AI: 2, Humanity: 0.

A computer designed by Google researchers has beaten the world’s top Go player for the second game in a row, capturing the best-of-three match in Wuzhen, China, and confirming AI’s supremacy in what many consider as one of humanity’s most complex boardgames.

Ke Jie, a 19-year old Go grandmaster, began the game with stellar play, said Demis Hassabis, the CEO of DeepMind, the artificial intelligence firm that created AlphaGo, at a press conference, according to the Associated Press. Google acquired his company in 2014. But the Chinese prodigy was eventually bested by AlphaGo. In South Korea last year, DeepMind’s machine defeated another championship-caliber player, Lee Sedol, stunning some in the field of artificial intelligence.

“For the first 100 moves it was the closest we’ve ever seen anyone play against the Master version of AlphaGo,” Hassabis said after the game, according to the Verge.

“Today’s game was different from the first,” Ke said Thursday at the press conference, according to the Verge. “AlphaGo made some moves which were opposite from my vision of how to maximize the possibility of winning. I also thought I was very close to winning the game in the middle but maybe that’s not what AlphaGo was thinking.”

AlphaGo’s sudden dominance over human competitors has surprised AI researchers, who had suspected that machines would take much more time to master the intricacies of Go. The program began as a research project three years ago. In a 2016 Nature article, Google said that AlphaGo had beaten European champion Fan Hui, five games to zero, in a match that took place during the previous October, behind closed doors. That marked the first time any computer program had beaten a professional player at Go. The program went on to beat more stand out players.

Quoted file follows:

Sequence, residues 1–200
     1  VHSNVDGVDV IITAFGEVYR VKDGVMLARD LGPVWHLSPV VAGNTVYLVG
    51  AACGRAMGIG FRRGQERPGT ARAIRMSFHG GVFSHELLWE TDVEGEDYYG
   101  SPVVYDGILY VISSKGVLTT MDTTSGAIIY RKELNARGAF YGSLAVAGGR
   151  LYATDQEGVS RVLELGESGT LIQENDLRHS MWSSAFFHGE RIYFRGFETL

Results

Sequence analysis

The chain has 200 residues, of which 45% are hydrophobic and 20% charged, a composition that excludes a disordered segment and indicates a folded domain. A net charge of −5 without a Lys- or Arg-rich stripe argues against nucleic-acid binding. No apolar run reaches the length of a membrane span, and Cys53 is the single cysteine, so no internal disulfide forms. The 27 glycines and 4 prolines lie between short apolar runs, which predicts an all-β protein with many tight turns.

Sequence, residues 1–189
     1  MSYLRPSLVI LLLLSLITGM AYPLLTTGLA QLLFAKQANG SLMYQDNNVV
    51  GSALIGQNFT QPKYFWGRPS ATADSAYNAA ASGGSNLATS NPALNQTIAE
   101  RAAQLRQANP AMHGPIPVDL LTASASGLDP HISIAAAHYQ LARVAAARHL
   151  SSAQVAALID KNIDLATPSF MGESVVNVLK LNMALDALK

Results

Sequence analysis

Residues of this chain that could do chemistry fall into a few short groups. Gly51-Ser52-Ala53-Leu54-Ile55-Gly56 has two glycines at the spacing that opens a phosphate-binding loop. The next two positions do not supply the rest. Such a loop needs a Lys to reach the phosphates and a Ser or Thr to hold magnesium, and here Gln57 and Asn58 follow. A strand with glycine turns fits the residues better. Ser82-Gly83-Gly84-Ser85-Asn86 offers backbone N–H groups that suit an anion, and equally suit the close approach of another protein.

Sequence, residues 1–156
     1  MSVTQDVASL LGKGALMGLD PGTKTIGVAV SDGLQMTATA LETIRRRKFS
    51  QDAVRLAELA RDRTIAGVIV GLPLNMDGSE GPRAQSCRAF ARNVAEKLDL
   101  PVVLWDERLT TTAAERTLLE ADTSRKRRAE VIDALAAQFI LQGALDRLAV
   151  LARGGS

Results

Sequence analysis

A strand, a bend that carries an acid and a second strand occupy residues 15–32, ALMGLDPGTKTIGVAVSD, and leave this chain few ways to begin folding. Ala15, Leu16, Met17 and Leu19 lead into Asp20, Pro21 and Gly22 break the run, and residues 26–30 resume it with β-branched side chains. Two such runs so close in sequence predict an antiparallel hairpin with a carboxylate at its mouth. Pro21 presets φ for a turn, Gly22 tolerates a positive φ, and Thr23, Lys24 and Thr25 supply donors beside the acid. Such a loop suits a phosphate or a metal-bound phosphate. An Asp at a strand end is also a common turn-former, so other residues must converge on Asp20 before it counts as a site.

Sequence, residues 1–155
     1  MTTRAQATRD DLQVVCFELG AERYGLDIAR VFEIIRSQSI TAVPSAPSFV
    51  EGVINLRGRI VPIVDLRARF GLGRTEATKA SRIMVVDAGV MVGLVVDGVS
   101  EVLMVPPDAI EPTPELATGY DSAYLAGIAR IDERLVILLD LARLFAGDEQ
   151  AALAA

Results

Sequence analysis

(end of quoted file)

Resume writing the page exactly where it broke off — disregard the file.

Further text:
AlphaGo’s wins have revealed the ways that computers can augment human capability and spur new ways of thinking. And more broadly, the computer program’s feat helps validate a more optimistic take on the future of automation and AI, one in which humans aren’t necessarily displaced, but are enhanced in some way.

This week’s match in China also demonstrated the very human limitations that can surface amid competition, primarily how stress and emotions can hinder decision making.“I was very excited. I could feel my heart bumping,” Ke said after the game, The New York Times reported. “Maybe because I was too excited I made some stupid moves.”

Beyond the game of Go, DeepMind scientists believe that the technology that powers AlphaGo can help societies develop better ways to conserve energy and boost health research.

The third and final game pitting Ke against AlphaGo will take place on Saturday, as part of Google’s “Future of Go Summit.” Another match will feature two professional human players facing one another, but each will have their own AlphaGo teammate.